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The "Course Setup" Lesson is part of the full, Client-Side GraphQL with React, v2 course featured in this preview video. Here's what you'd learn in this lesson:

Scott provides a setup guide and explains the tools and dependencies needed, such as Git, Node.js, and Turso. He walks through the process of creating a Turso account, downloading the CLI, and creating a token for the database. He also explains how to set up environment variables and push the schema to the database.


Transcript from the "Course Setup" Lesson

>> Scott Moss: Setup, so here's everything you're gonna need. I promise you it's not crazy, you probably already have all of this other than this one thing here. So obviously, Git, you need Git. Go to the repo, I highly recommend forking it and then just pulling it down. So here's the link to the repo, you can just click on it if you didn't get it earlier, so go there and get that.

Node.js v20, at least version 20. It might work with version 18, I just haven't tested it so I can't guarantee it. I'm on version 20 and it works on my machine, [LAUGH] classic engineer thing. But yeah, I highly recommend v20 or later. You could try 18, if someone has 18 and wants to try it and let me know, cool.

But I'm using version 20. Once you have the repo fork and pull it down, if you didn't know already, always do an NPM install. I'm using NPM, so there's a package lock in there. I'm not using Yarn, I'm not using Bun, I'm using NPM. So highly recommend doing the NPM install if you want the same versions of everything that I installed.

If you do any one of those other package managers, you might not get the same versions. So depending on when you take this course later on the versions might be mismatched, so highly recommend just doing an NPM install here. And then this last one is going to be for the database that the backend is using.

So I tried to make this as simple as possible, because depending on what machine you're on you might have to download a database and downloading databases can be different and all that. So we're gonna use a database called Turso. Who here has heard of Turso DB? Never heard of Turso?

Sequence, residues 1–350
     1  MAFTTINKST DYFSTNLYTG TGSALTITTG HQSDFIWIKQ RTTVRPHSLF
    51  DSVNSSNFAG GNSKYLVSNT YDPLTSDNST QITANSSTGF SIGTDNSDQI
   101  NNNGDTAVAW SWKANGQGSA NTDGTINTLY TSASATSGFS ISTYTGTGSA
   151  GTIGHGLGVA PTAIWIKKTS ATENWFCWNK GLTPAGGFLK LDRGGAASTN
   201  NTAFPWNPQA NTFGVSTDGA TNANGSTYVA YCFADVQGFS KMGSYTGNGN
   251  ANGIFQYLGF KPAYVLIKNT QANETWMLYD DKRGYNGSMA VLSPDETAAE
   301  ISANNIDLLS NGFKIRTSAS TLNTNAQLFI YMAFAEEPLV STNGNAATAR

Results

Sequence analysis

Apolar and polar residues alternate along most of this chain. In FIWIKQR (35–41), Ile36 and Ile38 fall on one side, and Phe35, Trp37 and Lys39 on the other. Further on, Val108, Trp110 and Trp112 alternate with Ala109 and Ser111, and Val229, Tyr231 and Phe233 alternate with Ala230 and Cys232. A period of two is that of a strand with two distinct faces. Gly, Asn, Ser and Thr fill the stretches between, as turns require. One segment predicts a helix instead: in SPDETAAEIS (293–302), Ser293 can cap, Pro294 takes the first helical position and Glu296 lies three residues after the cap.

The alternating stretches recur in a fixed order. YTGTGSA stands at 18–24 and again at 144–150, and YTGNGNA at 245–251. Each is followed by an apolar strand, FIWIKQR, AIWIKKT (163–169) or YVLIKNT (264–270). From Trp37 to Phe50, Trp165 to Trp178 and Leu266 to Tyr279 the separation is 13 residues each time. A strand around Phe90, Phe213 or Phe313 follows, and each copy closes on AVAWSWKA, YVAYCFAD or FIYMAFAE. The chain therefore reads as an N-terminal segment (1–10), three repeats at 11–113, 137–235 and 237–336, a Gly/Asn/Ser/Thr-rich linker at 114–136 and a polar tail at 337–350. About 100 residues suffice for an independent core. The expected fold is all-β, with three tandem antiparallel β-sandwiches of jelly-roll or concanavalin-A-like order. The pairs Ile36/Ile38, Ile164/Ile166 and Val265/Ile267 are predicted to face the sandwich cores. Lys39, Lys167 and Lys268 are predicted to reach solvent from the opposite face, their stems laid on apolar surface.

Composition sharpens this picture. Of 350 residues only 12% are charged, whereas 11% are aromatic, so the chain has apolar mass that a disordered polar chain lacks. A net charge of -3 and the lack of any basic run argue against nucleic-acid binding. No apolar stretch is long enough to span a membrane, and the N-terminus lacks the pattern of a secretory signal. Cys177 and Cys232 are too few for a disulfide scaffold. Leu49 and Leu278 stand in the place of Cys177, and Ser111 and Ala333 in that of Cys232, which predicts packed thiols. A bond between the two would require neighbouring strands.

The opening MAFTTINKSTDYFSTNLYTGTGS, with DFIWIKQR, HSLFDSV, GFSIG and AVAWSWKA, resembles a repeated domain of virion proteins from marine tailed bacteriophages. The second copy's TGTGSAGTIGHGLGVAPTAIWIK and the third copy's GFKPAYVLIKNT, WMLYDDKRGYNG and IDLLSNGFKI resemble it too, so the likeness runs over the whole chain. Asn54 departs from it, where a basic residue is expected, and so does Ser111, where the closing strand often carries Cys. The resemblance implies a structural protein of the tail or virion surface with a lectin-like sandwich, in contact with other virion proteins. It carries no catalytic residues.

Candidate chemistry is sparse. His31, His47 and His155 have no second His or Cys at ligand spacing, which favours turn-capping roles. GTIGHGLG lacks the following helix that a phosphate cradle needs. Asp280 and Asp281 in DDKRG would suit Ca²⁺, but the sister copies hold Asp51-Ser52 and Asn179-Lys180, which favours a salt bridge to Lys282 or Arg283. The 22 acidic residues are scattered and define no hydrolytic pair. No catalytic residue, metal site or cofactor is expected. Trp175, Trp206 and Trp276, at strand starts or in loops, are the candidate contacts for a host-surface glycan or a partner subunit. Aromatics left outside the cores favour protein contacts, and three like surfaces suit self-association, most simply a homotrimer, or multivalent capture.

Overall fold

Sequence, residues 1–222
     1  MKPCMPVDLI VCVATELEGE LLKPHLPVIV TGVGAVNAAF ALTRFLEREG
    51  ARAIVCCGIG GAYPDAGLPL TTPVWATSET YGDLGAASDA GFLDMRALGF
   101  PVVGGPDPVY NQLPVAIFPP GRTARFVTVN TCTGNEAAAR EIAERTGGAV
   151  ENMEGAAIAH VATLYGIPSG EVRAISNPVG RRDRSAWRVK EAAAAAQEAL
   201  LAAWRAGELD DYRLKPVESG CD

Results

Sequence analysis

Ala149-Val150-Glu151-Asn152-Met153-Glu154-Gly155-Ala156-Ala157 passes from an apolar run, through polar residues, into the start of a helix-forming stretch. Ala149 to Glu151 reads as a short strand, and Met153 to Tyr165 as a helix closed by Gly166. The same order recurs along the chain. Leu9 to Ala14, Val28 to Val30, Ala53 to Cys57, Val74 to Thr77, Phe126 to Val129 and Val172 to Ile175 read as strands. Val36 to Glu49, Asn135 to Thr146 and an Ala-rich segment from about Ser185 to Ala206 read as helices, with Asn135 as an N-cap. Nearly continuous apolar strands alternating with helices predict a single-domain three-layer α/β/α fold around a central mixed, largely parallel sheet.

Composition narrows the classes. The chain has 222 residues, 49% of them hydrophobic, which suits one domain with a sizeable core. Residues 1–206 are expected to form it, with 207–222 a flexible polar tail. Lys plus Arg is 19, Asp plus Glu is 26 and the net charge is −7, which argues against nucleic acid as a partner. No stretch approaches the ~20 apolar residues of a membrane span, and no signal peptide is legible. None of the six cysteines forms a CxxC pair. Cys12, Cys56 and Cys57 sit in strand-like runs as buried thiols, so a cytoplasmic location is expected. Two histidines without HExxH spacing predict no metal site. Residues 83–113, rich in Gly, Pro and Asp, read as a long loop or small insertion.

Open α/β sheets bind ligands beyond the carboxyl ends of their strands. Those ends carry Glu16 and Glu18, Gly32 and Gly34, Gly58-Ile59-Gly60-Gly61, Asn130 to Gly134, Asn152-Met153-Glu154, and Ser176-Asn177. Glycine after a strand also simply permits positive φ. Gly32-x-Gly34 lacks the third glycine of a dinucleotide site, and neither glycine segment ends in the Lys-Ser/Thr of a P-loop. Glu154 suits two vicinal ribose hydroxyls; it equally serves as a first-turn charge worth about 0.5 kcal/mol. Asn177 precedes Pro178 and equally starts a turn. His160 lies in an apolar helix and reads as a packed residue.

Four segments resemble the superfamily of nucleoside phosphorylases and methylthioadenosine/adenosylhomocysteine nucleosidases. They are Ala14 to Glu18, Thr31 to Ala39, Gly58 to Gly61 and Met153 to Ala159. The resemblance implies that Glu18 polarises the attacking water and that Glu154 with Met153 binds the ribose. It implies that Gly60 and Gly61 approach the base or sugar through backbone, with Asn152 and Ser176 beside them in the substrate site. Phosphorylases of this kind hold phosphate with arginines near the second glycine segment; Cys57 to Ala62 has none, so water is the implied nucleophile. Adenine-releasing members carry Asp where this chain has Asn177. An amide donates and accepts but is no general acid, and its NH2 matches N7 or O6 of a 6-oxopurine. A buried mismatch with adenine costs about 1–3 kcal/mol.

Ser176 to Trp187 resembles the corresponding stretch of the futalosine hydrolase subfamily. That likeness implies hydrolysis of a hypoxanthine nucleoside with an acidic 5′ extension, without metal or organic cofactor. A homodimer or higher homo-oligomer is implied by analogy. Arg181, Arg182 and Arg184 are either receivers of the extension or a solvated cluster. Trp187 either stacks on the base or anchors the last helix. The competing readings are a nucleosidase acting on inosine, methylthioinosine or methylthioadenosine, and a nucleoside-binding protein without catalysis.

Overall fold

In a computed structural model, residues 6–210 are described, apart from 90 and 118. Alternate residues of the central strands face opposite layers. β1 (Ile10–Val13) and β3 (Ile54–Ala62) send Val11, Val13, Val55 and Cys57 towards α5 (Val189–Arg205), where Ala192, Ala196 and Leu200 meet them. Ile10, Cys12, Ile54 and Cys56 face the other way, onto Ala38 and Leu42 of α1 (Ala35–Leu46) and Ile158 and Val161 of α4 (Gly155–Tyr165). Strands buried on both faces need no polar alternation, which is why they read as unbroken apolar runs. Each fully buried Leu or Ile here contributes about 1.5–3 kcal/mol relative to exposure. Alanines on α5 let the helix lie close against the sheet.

Well you're gonna be in for treat, cuz it's actually pretty cool. It's SQLite for production, it's actually a fork of SQLite, something called libSQL. If you don't know what SQLite is, it's like SQL but light. [LAUGH] It's file-based, so it's very portable, you can kinda bring it everywhere, it works on the edge.

It's kinda genius being able to use SQLite in production. So Turso is like a hosted version of that. So this database is completely hosted, you don't have to download anything other than a CLI and you can make an account for free. So if you go back to the notes, I kinda walk you through how to do that.

So go to the Turso, create an account. Follow the instructions to make a new database, I'm gonna do this right now. And then we're gonna download the CLI, we're gonna do some stuff, it should take a couple seconds, so let's go do that. So I'm going to Turso, all right, cool, so I already have an account so I'm just gonna log in.

And then I already have some databases. But once you log in, it'll walk you through setup where you need to create a database. If you read the instructions that I say there, it'll ask you create a replica. You don't need to create a replica, that's for production, just make the database.

Eventually you'll land on this screen that you see here. Once you get to this screen, you can just click on the Quickstart and it'll walk you through everything you need to do on your terminal to get started, which basically this involves downloading the CLI. So we could do that, we'll go here,

>> Scott Moss: And they have all the instructions. So Mac, Linux, Windows, click your appropriate operating system and copy the command to install the CLI. So once you have that installed they tell you to do a sign up, Turso all sign up, but you already just signed up, so you don't actually need to do that.